Japan from the inside out


Posted by ampontan on Monday, March 15, 2010

HAS THERE EVER been a time when little girls didn’t play with dolls? In Japan, little girls have been playing with paper dolls since at least the Heian period, which began more than 1200 years ago.

Somewhere along the way, that diversion was combined with an old Chinese purifactory rite held along rivers in the third lunar month. People exorcised their impurities by transferring them to paper images and casting them on the waters. Those paper images were called katashiro in Japan.

Early in the Edo period, which began more than 400 years ago, people started displaying three-dimensional versions of these dolls in the home. As the custom became more widespread, the dolls and the displays grew more elaborate, and it became traditional to place a full set of figures consisting of an emperor, empress, attendants, and musicians on several tiers for Girls’ Day, which is 3 March.

That custom eventually became a part of every girl’s life. Parents gave a set to girls when they were born, or on their first birthday, and the girls took them to their new home when they got married.

Little girls and big girls both still play with the dolls. Here’s a look at this year’s Hina events from several perspectives.


The Tomisaki Shinto shrine in Katsuura, Chiba puts on a really biggu show every year for its Biggu Hina Matsuri, and it gives everyone a preview by displaying 1,200 dolls on a 60-tiered platform for the 60 stone steps leading to the shrine torii. Katsuura seems to have become something of a Hina Central. There’s a Shinto ceremony to pray for the success of the festival, and the miko, or shrine maidens, perform dances. Students at the International Budo (Martial Arts) University—an accredited school—gave a naginata demonstration.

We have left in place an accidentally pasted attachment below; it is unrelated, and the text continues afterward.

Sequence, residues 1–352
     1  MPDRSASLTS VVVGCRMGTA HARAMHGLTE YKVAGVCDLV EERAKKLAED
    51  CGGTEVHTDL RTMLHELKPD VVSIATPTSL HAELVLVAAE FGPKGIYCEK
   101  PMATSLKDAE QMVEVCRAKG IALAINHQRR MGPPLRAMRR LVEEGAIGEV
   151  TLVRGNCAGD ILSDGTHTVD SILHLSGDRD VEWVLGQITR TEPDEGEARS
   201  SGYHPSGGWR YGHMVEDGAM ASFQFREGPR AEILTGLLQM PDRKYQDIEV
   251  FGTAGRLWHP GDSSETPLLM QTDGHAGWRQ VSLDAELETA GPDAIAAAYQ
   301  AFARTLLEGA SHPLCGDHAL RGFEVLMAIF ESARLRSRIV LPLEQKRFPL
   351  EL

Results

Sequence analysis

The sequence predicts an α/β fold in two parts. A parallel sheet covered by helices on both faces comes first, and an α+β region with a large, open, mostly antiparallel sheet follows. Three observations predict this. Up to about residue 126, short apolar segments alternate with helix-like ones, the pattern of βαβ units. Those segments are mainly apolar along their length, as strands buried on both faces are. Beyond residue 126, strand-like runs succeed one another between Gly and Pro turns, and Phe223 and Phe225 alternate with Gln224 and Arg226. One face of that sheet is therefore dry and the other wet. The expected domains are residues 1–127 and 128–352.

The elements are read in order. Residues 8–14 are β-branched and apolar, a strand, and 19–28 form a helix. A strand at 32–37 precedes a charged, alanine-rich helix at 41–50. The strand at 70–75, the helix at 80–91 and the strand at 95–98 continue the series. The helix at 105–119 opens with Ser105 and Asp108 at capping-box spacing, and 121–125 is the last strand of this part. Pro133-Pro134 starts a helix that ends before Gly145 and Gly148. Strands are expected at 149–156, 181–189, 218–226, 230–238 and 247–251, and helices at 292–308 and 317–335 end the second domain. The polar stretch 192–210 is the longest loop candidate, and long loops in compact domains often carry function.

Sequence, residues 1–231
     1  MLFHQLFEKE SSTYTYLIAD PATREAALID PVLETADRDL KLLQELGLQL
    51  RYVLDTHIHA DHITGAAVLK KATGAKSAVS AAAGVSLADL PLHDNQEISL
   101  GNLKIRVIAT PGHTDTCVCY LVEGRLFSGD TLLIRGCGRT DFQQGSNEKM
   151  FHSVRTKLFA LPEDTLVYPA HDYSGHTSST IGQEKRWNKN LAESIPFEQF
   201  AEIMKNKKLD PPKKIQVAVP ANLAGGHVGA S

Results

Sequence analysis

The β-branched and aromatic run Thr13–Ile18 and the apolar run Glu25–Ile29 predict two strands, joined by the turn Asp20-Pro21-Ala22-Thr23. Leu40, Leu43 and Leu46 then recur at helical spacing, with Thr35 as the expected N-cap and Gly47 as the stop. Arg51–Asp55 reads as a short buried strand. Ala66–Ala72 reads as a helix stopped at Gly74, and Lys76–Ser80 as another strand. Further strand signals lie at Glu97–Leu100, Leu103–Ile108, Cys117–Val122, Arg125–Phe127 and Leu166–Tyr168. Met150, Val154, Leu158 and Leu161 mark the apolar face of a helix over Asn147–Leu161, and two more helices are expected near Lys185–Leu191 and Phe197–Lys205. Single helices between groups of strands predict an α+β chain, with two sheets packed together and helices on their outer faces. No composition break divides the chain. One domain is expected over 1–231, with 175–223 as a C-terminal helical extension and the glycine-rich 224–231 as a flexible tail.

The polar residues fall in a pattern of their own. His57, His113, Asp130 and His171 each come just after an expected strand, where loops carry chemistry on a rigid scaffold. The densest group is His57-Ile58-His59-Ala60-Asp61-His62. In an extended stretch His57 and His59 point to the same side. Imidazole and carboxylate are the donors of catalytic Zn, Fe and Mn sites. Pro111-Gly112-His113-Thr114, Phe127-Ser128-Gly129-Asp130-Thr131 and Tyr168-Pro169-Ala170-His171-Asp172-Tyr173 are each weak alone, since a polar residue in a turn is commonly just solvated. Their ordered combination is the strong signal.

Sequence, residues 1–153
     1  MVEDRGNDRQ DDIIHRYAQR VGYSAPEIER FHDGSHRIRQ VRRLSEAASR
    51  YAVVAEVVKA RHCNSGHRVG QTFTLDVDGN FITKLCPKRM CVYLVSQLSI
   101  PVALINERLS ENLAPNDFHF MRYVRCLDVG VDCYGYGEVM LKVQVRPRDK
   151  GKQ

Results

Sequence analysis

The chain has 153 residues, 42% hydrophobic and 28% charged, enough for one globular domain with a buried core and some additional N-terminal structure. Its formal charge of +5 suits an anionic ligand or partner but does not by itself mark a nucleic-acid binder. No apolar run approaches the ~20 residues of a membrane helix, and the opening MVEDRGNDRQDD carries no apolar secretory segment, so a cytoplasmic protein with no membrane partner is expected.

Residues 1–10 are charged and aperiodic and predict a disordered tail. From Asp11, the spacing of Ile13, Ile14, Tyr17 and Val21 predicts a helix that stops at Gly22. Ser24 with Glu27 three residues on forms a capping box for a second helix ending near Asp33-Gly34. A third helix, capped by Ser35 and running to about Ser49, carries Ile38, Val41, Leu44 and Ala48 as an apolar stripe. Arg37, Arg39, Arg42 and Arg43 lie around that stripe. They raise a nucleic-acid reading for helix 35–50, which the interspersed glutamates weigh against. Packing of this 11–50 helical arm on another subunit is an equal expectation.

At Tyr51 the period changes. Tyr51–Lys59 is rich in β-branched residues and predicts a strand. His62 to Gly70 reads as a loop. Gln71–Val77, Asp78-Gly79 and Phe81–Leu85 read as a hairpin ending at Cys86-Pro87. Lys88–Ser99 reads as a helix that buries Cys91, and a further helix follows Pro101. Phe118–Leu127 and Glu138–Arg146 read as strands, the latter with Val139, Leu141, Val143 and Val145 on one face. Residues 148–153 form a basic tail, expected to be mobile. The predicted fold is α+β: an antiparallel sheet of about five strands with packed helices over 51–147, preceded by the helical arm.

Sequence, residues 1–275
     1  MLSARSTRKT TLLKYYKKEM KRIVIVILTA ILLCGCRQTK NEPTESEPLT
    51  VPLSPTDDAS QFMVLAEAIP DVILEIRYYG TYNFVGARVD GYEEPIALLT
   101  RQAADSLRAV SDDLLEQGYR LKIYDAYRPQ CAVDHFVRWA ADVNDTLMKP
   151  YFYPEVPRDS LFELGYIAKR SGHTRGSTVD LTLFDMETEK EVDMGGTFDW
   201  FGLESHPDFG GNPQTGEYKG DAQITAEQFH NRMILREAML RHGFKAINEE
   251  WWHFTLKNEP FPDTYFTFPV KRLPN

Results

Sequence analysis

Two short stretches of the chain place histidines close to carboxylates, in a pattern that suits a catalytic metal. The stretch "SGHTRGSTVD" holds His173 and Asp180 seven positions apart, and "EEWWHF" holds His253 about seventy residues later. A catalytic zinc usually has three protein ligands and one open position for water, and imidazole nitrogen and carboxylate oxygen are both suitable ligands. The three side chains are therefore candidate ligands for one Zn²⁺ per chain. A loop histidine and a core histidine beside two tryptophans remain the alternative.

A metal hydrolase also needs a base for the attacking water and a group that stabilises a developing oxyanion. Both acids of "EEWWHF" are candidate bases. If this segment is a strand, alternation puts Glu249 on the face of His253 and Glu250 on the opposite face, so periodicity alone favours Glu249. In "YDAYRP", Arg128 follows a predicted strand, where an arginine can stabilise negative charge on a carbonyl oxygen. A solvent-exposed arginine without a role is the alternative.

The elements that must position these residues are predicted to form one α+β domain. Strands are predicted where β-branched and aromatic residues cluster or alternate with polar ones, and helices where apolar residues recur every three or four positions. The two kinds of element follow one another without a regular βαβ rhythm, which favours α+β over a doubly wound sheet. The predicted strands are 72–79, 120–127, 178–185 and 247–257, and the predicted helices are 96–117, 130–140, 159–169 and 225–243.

The city’s main Hina Matsuri, or doll festival, was held from 26 February to 6 March and featured 25,000 dolls in nine locations. One local primary school had an exhibit of 1,366 folk dolls from 84 countries. The city also exhibited Japan’s biggu-est hina doll, which is a towering 120 centimeters tall, or just a skoche shy of four feet. It should be no surprise that the festival is a biggu deal for the city’s merchants—it attracts more than 150,000 people every year.

Those stone steps are 15 meters high and two meters wide, by the way. It took 20 people 90 minutes to set up the display, and boy that was fast work.


The hina season is the peak period for Kuroda Hiroshi and his wife Katsumi of Koshigaya, Saitama, who work together to make traditional crafts. Mr. and Mrs. Kuroda make full sets of hina dolls by hand. One set costs from JPY 150,000 to JPY 230,000 (about $US 2,540). That’s expensive, but customers are paying for handmade craftsmanship and a unique product. Said Mr. Kuroda, “I’ve been doing this with my wife ever since we got married. If one of us were lacking, we couldn’t make good products.” He says the most popular sets now are the smaller ones with dolls from 15 to 20 centimeters high (just shy of eight inches), perhaps as a result of the economic downturn.